Knowledge Creating Company S (learning organization)

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Seminal (great) book on how knowledge is or is not created in a company. Takeuchi and Nonaka do a masterful job. Top 50 business book for sure.

Published in: Business, Education

Knowledge Creating Company S (learning organization)

  1. 1. Theory of Organizational Knowledge Creation<br />Excerpted from the book by<br />Ikujiro (Jiro) Nonaka<br />and Hirotaka (Hiro) Takeuchi<br />The Knowledge-Creating Company<br />Oxford University Press <br />1995<br />
  2. 2. Organizational Knowledge Creation<br />Creating organizational knowledge is as much about bodily experience and trial and error as it is about mental modeling and learning from others.<br />The capability of a company as a whole to create new knowledge, disseminate it throughout the company, and embody it in products, services and systems is the root of continuous competitive advantage. <br />2/15/2011<br />2<br />jpgillis@umd.umich.edu<br />
  3. 3. Knowledge<br />Business organizations don’t just process knowledge, they create it as well.<br />Knowledge creation by the business organization has been virtually neglected in management studies.<br />Explicit knowledge and tacit knowledge are the basic building blocks in a complementary continuous dynamic interaction/conversion. <br />2/15/2011<br />3<br />jpgillis@umd.umich.edu<br />
  4. 4. Human Knowledge<br />Explicit knowledgecan be articulated in formal language including grammatical statements, mathematical expressions, specifications, manuals and so forth.<br />Tacit knowledgeis hard to articulate with formal language. It is personal knowledge embedded in individual experience and it involves intangible factors such as personal belief, perspective and the value system. <br />2/15/2011<br />4<br />jpgillis@umd.umich.edu<br />
  5. 5. Tacit Knowledge<br />Knowledge expressed in words and numbers is only the tip of the iceberg. Tacit knowledge is not easily visible and expressible. It is highly personal and hard to formalize, making it difficult to communicate and share with others. <br />Subjective insights, intuitions, and hunches fall into tacit knowledge, which is deeply rooted in individual action and experience, as well as in the ideals, values and emotions he or she embraces.<br />2/15/2011<br />jpgillis@umd.umich.edu<br />5<br />
  6. 6. Tacit Knowledge<br />Two Dimensions of Tacit Knowledge<br />The technical dimension, which contains the kind of informal and hard-to-pin-down skills or crafts captured in the term “know-how.” A master craftsman is often unable to articulate what he knows.<br />The cognitive dimension, which consists of schemata (cognitive schemes), mental models, beliefs, and perceptions so ingrained that we take them for granted. It reflects our image of reality (what is and ought to be)<br />2/15/2011<br />6<br />jpgillis@umd.umich.edu<br />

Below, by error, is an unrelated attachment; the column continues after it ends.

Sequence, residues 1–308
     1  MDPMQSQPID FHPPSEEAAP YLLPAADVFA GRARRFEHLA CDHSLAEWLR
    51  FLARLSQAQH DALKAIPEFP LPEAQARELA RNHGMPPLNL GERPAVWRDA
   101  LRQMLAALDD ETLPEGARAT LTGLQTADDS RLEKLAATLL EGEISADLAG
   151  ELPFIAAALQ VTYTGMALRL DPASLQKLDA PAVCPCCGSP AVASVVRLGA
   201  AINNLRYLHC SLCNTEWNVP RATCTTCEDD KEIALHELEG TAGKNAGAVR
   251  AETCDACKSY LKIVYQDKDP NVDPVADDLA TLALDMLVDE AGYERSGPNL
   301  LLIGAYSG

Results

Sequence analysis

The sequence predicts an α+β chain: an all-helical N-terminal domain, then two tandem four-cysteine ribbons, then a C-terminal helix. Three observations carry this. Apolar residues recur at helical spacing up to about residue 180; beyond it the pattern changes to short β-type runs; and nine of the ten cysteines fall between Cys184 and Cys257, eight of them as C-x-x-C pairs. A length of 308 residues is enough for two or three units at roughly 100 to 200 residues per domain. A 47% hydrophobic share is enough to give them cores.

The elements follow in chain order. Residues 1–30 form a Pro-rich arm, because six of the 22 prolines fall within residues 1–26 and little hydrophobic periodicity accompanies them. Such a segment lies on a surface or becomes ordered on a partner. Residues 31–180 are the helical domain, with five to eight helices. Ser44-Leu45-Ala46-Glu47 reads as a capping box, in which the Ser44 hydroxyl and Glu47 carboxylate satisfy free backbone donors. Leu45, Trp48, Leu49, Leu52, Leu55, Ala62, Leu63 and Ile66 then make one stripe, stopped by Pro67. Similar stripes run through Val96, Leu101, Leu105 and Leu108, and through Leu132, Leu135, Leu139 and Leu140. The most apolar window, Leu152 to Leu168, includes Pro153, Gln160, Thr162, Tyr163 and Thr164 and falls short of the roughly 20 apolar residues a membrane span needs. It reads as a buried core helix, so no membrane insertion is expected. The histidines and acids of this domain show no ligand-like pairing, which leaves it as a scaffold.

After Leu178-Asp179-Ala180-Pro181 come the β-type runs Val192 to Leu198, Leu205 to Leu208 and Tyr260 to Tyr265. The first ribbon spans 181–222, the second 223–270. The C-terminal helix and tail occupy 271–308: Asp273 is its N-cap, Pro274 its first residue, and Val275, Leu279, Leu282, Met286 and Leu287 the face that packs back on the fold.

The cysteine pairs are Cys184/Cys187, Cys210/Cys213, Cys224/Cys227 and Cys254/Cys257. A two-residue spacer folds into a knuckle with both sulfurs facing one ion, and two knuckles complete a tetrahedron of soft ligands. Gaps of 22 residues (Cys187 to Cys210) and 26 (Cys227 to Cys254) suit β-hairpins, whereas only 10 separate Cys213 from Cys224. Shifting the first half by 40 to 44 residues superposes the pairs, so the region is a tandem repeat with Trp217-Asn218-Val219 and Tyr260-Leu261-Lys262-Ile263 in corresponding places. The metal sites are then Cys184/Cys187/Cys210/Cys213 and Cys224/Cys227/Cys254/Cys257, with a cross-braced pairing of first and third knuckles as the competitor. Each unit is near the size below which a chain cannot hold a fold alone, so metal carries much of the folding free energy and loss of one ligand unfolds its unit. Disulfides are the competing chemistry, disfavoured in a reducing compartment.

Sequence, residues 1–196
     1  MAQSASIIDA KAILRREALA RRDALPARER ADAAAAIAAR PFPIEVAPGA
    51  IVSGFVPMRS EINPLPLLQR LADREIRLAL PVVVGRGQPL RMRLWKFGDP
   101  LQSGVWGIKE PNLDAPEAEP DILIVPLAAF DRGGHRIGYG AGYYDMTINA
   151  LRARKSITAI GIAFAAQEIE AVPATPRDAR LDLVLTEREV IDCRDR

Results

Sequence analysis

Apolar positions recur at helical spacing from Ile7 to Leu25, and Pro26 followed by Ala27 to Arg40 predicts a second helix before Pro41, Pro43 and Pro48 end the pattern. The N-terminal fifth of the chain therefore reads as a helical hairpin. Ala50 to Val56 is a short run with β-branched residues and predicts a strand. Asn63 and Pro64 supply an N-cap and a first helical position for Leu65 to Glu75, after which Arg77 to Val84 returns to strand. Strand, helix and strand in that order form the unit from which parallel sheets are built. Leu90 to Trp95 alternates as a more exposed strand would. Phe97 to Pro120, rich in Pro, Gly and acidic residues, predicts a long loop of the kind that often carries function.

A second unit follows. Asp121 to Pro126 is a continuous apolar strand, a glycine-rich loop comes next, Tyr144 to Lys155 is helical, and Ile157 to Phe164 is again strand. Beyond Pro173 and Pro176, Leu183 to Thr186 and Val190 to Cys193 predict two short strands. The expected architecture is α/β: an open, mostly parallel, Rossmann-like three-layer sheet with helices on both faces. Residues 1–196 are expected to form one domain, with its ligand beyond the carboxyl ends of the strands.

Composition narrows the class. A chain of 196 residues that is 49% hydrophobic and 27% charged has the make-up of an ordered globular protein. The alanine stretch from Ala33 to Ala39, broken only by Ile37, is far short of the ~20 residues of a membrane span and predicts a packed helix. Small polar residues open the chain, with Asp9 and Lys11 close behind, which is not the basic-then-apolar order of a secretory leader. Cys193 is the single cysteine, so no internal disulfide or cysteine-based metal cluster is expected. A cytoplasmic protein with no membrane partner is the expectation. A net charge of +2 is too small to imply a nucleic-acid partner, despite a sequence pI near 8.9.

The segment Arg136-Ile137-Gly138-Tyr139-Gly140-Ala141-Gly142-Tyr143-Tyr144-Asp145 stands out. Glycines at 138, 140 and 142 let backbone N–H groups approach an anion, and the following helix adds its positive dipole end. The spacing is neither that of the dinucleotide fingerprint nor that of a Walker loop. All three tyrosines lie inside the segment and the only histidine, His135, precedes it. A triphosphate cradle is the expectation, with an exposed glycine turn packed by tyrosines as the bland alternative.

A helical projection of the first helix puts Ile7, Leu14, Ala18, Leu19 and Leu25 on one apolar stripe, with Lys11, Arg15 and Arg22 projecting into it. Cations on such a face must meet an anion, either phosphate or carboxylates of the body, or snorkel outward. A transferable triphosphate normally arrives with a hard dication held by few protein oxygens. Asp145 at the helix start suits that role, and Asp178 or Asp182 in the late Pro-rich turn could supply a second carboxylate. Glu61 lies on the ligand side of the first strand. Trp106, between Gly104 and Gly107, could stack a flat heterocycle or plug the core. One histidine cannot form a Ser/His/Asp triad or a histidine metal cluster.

7. 7. Explicit/Tacit<br />Distinctions<br />The distinction between explicit and tacit is key to understanding the difference between Western and Japanese approaches to knowledge.<br />Explicit knowledge can be processed by computer, but the subjective and intuitive nature of tacit knowledge makes it difficult to process in any systematic or logical manner.<br />2/15/2011<br />jpgillis@umd.umich.edu<br />7<br />
  8. 8. Explicit/Tacit<br />Distinctions <br />For tacit knowledge to be communicated and shared within an organization, it has to be converted into words and numbers that anyone can understand. It is during this time of conversion, from tacit to explicit, and back again into tacit, that organizational knowledge is created. <br />2/15/2011<br />jpgillis@umd.umich.edu<br />8<br />
  9. 9. Tacit Implications<br />Whole different view of the organization<br />Not as a machine for processing information, but as a living organism.<br />Whole different view of innovation<br />Not a putting together of diverse information, but a highly individual process of personal and organizational self-renewal – ideals not ideas.<br />The essence of innovation is to re-create the world according to a particular ideal or vision.<br />2/15/2011<br />jpgillis@umd.umich.edu<br />9<br />
  10. 10. Tacit Implications<br />Whole different view of knowledge<br />Not acquiring, teaching, training.<br />But less formal – metaphors, pictures, experiences, mental and physical transitions. <br />2/15/2011<br />jpgillis@umd.umich.edu<br />10<br />
  11. 11. Knowledge Creation<br />2/15/2011<br />jpgillis@umd.umich.edu<br />11<br />Pure Imagination<br />1<br />Analogy (alike and not alike)<br />Metaphor (alike)<br />Logical Thinking<br />New Points of View<br />2<br />Conflict and Disagreement<br />From personal to organizational<br />Discussion and Dialogue<br />3<br />Redundancy<br />Ambiguity<br />New sense of direction, <br />Alternate meanings,<br />Fresh way of thinking,<br />New knowledge out of chaos<br />Common cognitive ground, <br />Dialogue over and over,<br />Sharing overlapping information,<br />Internalized by employees <br />
  12. 12. “You have to feel it…”<br />2/15/2011<br />jpgillis@umd.umich.edu<br />12<br />
  13. 13. Japanese Companies<br />Organizational knowledge creation is the key to the distinctive ways that Japanese companies innovate. They are especially good at bringing about innovation continuously, incrementally, and spirally.<br />Their success is not due to access to cheap capital; or manufacturing prowess; or cooperative relationships with customers, suppliers, and government agencies; or lifetime employment and seniority systems – though these factors are important. <br />2/15/2011<br />13<br />jpgillis@umd.umich.edu<br />